There are many reason why spring turkey hunting is so popular. One is that it’s the main spring hunting season in most states. Another is the chance to interact with Meleagris gallopavo in all his strutting, spitting, fanning, drumming, gobbling glory.
But, what keeps me and more than a few others in the spring woods, however, is something entirely different. Spring turkey may be the main hunting season going on, but there are plenty of other seasons going on.
Early turkey hunting periods coincide with perch, northern, and walleye spawning in many large river systems. And by time the first Saturday in May rolls around—which usually happens during Period C—a whole host of gamefish seasons are underway, with the panfish spawn close at their heels. A hunter, say, in the heart of Zone 1 can be cast into a headlong frenzy, between dawn in the turkey blind, late morning on a trout stream, and evenings on the Mississippi River, to say nothing of snapping tender asparagus shoots and prowling around dead elms for mushrooms (make sure you have landowner permission before entering private lands).
This isn’t to say I don’t love to turkey hunting, or get jacked up hearing gobbles on the next ridge. I do. It’s just that there’s so much going on in the natural world and it’s bee dead for so long, that I'm in usually in the grips of serious spring fever. Turkey hunting becomes, for me, a kid-in-a-candy-store, embarrassment-of-riches proposition. More rational outdoorspeople might assign a day for each: one for turkeys, one for mushrooms, one for fish. But I to want to do all things at all times.
Getting well into my fifth decade, I’ve learned that I’m not going to change this, so I might as well embrace it. I’m going to emerge from the end of my turkey week cut up by briars, infested with tickets, and plain old worn out. But I’m going to be toting a treasure trove of wild foods. A mess of fat, red-fleshed trout on ice, a few pounds of backwater crappie fillets, a ziplock of spicy watercress, a few rubber-banded bundles of wild asparagus, a burlap Basmati rice bag full of morel mushrroms, and maybe a handful of wild leeks. Like as not, there will also be a tender jake or big tom turkey riding home with me.
Do I savor secret these away in the chest freezer for another day? Hell, no. There’s something about spring’s first fruits that makes me want to eat them all at once. To gorge caveman style. Fish goes first, panfried with asparagus on the side. Next are morels cooked plain and simple in butter. Finally, there’s the coup d’grace—wild turkey with morels and ramps (sometimes called wild leeks). Seasoned hunters and anglers truly appreciate a meal of fresh wild protein they’ve harvested. When other prime wild edibles are added, it’s just that much better.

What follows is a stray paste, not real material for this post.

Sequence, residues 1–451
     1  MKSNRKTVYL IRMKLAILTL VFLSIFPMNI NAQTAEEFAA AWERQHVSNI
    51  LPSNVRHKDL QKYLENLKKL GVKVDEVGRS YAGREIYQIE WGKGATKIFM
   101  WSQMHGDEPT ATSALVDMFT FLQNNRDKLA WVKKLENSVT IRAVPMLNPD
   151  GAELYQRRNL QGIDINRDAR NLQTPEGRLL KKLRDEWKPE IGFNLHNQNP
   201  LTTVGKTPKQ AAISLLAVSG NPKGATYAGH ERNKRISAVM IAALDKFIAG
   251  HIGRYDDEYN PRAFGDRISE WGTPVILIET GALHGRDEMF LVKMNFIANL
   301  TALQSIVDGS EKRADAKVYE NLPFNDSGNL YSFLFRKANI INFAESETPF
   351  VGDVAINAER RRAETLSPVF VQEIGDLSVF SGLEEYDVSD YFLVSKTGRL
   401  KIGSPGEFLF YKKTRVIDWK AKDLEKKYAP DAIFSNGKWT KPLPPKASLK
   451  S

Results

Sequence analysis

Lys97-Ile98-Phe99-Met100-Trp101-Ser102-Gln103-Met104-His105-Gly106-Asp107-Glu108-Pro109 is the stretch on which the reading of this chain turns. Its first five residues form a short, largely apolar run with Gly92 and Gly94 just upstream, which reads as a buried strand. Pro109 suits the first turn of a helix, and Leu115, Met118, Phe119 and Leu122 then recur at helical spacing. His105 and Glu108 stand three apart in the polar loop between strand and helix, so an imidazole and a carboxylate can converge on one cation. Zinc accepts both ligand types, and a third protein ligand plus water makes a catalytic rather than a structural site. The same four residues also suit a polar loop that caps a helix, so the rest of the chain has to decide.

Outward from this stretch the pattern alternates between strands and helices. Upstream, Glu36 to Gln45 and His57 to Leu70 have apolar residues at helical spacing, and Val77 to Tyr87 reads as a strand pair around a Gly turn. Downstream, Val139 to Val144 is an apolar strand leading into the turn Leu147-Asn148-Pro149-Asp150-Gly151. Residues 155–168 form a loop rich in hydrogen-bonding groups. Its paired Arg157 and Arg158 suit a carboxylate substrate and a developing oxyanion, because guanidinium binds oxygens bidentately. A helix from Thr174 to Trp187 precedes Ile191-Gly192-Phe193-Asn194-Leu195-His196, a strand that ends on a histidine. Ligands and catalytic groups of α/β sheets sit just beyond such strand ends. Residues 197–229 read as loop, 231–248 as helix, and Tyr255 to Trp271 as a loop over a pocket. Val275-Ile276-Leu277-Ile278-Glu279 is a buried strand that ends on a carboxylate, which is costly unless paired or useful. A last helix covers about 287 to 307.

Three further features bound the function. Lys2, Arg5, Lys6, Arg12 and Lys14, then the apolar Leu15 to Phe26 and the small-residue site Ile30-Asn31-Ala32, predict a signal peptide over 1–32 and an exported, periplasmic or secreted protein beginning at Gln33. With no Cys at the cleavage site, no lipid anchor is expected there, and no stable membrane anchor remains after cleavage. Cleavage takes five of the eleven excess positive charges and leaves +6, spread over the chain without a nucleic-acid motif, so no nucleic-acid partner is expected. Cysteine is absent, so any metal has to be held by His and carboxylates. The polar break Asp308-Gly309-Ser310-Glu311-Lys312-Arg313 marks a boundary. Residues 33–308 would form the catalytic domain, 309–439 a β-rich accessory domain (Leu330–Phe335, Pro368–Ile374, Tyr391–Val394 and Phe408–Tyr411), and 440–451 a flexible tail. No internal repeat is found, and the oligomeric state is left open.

I portion my wild turkey —to give each meat types its best treatment. I cube and flour the breast and cook it quickly to a rich caramel brown. Then, brown the mushrooms and leeks in the drippings, deglaze the pan, and put the works in a Dutch oven. Flour locks in moisture and flavor and also helps build a rich gravy that absorbs the earthy juices of the ramps and mushrooms.
The thighs, trimmed away from the drumsticks, are even more flavorful. These can go in with the mushrooms, but I like to pound them thin, dredge them in panko, and serve them as schnitzel with pan gravy.
Drumsticks have first-rate flavor, but they are tough. Think low and slow. A long simmer in beef broth with onions—6 hours or more—will allow you to strip the meat from the tendons. This can then be turned into whatever shredded meat you like. Add sauce and make them into barbeque, accompanied by bread-and-butter pickles and buns. Add Mexican seasonings, grab some fresh salsa and guacamole, and heat up corn tortillas for a meal of first-rate tacos. Or thicken the simmering broth into a gravy and serve it over the shredded meat, as you would pot roast, with a side of mashed potatoes.
Driftless Wild Turkey
Wild turkey, morel mushrooms, and wild leeks (sometimes called ramps) are all springtime wildfoods available in Wisconsin. This dish also honors the Driftless area, where wild turkeys were successfully reintroduced in the 1970s and 1980. The mix of woods, mast trees, oak savannah, farm fields, and prairie make for ideal habitat for wild turkeys, which were originally found in Wisconsin south of a line extending from La Crosse to Green Bay and down to the Illinois border.
Breast fillets of one wild turkey—cut into 1-inch cubes (or to desired size) seasoned with salt, black pepper, and thyme
1 cup all-purpose flour
¼ cup melted butter or cooking oil
1 quart chicken broth (or broth made with giblets, neck, and back of a wild turkey)
½ cup sour cream
3 ounces all-purpose flour for thickening
½ pound or more morel mushrooms, soaked in salt water and sliced (note if the supposed morel mushroom is not hollow, discard it immediately as it is likely a false morel which is edible)
4 wild leeks (ramps), washed and chopped (substitute shallots if ramps are not available)